In the fall of 2021, the Center for Music and Medicine hired Johns Hopkins’ first on-staff music therapist, Kerry Devlin, and a postdoctoral fellow who is trained as a neurological music therapist, Kyurim Kang. They’ve worked with patients across The Johns Hopkins Hospital, particularly at Johns Hopkins Children’s Center, where they partner with the Child Life Department and in the center’s pediatric cardiac intensive care unit (PCICU) and the teen medical-surgical unit.
Music therapist Kerry Devlin, right, and postdoctoral fellow Kyurim Kang play music in their office.
In the PCICU, Devlin and Kang use live music to improve respiration and stabilize heart rate, to provide support during neurodevelopmental rounds and to create opportunities for parent-child bonding. Elsewhere in the Children’s Center, they use music to reduce anxiety, to help patients process emotions related to the experience of hospitalization, and to support the development of coping skills. Music therapy sessions can involve patients choosing an instrument that represents their pain, moving to music, making beats and even writing songs.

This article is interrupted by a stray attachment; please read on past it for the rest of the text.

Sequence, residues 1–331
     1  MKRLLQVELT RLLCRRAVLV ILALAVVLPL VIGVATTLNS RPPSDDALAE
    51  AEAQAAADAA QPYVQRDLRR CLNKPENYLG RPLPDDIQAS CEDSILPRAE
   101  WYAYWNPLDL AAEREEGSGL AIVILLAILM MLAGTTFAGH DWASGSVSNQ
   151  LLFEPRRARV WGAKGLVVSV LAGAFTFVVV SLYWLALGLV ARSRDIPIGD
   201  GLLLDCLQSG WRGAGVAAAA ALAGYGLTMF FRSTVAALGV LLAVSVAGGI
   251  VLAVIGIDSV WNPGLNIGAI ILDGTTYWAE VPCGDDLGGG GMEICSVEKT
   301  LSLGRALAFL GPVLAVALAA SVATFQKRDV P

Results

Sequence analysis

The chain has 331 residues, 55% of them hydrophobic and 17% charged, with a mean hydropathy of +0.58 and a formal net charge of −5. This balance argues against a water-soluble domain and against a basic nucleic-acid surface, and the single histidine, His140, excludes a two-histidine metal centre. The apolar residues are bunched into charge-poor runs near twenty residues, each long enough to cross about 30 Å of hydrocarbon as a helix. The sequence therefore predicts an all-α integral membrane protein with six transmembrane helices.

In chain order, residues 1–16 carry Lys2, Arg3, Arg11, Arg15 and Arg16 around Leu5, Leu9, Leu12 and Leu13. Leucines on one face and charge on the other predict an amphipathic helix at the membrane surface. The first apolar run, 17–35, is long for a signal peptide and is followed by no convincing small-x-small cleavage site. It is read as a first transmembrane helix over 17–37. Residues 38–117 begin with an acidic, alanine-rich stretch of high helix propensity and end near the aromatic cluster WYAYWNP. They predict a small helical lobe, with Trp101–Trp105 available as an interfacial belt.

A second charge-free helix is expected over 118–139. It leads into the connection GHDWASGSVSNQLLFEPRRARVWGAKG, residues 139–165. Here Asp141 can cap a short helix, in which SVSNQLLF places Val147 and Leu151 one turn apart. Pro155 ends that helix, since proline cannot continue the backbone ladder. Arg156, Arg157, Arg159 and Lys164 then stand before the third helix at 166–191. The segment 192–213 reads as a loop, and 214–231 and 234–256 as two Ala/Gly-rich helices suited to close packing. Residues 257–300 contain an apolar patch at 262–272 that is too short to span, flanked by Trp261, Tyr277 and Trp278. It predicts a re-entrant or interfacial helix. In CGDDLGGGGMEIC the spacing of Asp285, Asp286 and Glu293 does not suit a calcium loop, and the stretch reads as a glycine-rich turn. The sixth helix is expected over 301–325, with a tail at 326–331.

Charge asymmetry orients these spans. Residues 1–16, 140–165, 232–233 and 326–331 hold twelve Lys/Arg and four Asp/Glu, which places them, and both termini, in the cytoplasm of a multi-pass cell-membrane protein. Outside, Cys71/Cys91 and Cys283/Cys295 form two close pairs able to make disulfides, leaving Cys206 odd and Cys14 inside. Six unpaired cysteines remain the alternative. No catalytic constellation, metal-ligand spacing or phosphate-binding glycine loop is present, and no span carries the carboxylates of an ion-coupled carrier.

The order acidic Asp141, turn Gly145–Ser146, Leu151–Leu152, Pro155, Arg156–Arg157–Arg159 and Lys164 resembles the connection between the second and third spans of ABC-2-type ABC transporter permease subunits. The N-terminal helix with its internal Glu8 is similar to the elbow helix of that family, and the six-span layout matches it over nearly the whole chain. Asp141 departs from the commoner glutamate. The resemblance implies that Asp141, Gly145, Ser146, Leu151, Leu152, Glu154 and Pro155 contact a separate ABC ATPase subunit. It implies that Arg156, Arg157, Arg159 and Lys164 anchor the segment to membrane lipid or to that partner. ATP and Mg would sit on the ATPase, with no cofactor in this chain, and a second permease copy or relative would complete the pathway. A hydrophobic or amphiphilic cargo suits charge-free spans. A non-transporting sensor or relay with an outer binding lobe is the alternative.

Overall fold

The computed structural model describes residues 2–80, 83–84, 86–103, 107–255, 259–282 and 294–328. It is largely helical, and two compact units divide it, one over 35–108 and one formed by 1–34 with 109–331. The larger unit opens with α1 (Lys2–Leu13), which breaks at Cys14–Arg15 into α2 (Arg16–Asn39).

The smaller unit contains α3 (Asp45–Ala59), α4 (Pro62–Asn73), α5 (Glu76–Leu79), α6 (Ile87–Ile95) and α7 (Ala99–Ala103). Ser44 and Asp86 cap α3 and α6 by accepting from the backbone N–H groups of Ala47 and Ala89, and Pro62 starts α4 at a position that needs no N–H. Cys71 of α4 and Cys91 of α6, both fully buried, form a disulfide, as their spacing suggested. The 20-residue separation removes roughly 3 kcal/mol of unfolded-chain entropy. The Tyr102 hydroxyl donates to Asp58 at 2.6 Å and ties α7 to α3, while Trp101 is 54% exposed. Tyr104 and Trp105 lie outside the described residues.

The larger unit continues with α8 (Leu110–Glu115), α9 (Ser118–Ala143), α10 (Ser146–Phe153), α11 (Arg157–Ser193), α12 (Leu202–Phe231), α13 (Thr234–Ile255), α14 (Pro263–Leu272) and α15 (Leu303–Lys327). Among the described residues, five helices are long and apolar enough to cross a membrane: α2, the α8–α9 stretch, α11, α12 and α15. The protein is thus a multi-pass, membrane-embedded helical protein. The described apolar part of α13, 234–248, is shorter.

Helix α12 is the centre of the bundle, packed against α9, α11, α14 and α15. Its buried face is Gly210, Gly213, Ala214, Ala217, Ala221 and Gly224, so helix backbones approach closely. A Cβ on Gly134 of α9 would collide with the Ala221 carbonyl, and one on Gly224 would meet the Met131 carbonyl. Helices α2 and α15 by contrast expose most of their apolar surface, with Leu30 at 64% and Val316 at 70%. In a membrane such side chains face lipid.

Devlin and Kang are involved in the center’s research, and work to create partnerships across Johns Hopkins. In January 2023, the center will host a first-of-its-kind internship for a music therapy student from Shenandoah University, where Devlin is an adjunct assistant professor.
The center is also involved in the Johns Hopkins Human Aging Project, an initiative that brings together scientists and clinicians from across Johns Hopkins to work at increasing the length of time older adults spend in good health without cognitive or functional decline.
One project is Zoom music therapy for people who have early Alzheimer’s disease or mild cognitive impairment, and another is testing a device that uses rhythm to try to steady gait.
The device is a sensor placed on someone’s shoe that is linked via Bluetooth to a playlist in which the music plays with a metronome to the tempo of a person’s walk; the idea is that a steady rhythm will help people with movement disorders walk more steadily. The device is being studied for various purposes across multiple research sites; Johns Hopkins is studying it for use in Parkinson’s.
“There’s evidence suggesting that as little as 30 minutes a day, five days a week, of aerobic exercise in one month could help reduce falls in Parkinson’s disease, which are a major cause of hospitalization and even death,” Pantelyat says. “If we could reduce even one fall per month on average, any intervention is a holy grail, because it’s not clear that there’s an intervention out there that can do that.”